As Democrats prepare to impeach President Trump for the second time, President-elect Joe Biden is rushing to ensure the effort does not derail his
As Democrats prepare to impeach President Trump for the second time, President-elect Joe Biden is rushing to ensure the effort does not derail his legislative agenda or the confirmation of his Cabinet picks in the early days of his administration.
Trump could be impeached as soon as Wednesday, for what House Democrats see as his role in inciting the riots at the U.S. Capitol, just seven days before Biden is sworn in.
After the House votes, the impeachment articles are expected to move immediately to the Senate, where Senate Majority Leader Mitch McConnell, R-Ky., has indicated a trial likely won’t start until Jan. 19, overlapping with Biden’s inauguration on Jan. 20. (The Senate is currently on recess and cannot return to Washington without unanimous consent from all 100 senators.)
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The timing could thwart Biden’s pledge to “hit the ground running” on coronavirus relief legislation, prompting him to ask the Senate this week whether the chamber could divide its schedule so that lawmakers could consider his agenda and impeachment at the same time.
“I had a discussion today with some of the folks in the House and Senate,” Biden told reporters on Monday while receiving the second dose of the COVID-19 vaccine. “And the question is whether or not, for example, if the House moves forward – which they obviously are – with the impeachment and sends it over to the Senate, whether or not we can bifurcate this.”
Absent a broader agreement among leadership, Senate rules dictate that during impeachment – which often lasts for weeks – senators must meet six days a week, taking only Sunday off, potentially hindering the incoming administration. Biden signaled that he was exploring ways to advance his plan to tackle the dual health and economic crises while still pursuing impeachment.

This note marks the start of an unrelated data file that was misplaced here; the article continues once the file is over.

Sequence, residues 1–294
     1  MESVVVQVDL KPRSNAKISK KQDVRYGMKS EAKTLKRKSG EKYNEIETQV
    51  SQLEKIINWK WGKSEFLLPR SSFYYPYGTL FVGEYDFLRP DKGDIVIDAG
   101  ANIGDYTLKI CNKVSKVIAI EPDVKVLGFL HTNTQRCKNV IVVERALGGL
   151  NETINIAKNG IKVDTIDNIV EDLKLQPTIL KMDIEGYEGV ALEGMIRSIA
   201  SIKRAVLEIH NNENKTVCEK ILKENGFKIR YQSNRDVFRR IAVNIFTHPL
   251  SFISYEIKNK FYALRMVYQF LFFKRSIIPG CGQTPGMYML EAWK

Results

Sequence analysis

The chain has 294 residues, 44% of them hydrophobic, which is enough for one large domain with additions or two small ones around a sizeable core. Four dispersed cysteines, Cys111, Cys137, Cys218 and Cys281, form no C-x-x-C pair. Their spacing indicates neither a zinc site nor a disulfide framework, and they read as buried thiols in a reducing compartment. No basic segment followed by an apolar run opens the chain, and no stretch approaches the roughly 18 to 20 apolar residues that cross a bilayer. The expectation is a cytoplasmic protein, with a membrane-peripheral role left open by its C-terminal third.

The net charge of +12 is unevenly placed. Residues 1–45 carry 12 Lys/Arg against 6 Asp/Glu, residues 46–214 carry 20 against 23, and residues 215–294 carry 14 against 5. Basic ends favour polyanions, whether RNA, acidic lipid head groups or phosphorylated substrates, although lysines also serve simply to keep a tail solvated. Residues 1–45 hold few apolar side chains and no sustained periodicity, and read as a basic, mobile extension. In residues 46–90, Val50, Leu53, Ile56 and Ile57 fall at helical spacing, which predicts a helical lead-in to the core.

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“Can we go half-day on dealing with the impeachment and half-day getting my people nominated and confirmed in the Senate?” he asked.
While Biden said he had not received an answer from the Senate parliamentarian on his request, Senate Minority Leader Chuck Schumer, D-N.Y., who will soon become the majority leader, suggested he was open to dividing time between impeachment and confirming Biden’s nominees, saying “we’ve got to move the agenda as well.”
“We’re going to have to do several things at once, but we’ve got to move the agenda as well,” Schumer told the Buffalo News. “Yes, we’ve got to do both.”
Like House Speaker Nancy Pelosi, D-Calif., Schumer has endorsed impeaching Trump if Vice President Mike Pence does not invoke the 25th Amendment to deem Trump unfit and remove him from office. It appears unlikely that Pence and a majority of the Cabinet will do so.
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Schumer has also reportedly explored whether the Senate can be called into an emergency session for the impeachment trial, according to Bloomberg News, citing two seniors aides. But bringing senators back before Jan. 19 would require support from McConnell, and it’s unclear whether he would support such an effort. McConnell has not indicated whether he would back impeaching the president or fast-tracking a trial.
House Democrats introduced a four-page article of impeachment against Trump for “incitement of insurrection” over the attack on the Capitol, which unfolded on Wednesday after a rally to support the president, during which he repeatedly said the election was stolen and urged his followers “to fight.” After the speech, the crowd descended into a mob that stormed the Capitol during the certification of the Electoral College vote. The crowd ransacked the building and forced staff, reporters and lawmakers, including Vice President Mike Pence, to shelter in place in both the House and Senate.
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Five, including a U.S. Capitol Police officer, died. Another police officer involved in the Capitol’s defense died while off duty in the days following the attack, officials said.
“President Trump gravely endangered the security of the United States and its institutions of government. He threatened the integrity of the democratic system, interfered with the peaceful transfer of power, and imperiled a coequal branch of government. He thereby betrayed his trust as president, to the manifest injury of the people of the United States,” the article says.
The measure was introduced by Reps. Jamie Raskin, D-Md., Ted Lieu, D-Calif., and David Cicilline, D-R.I., along with more than 210 Democratic co-sponsors.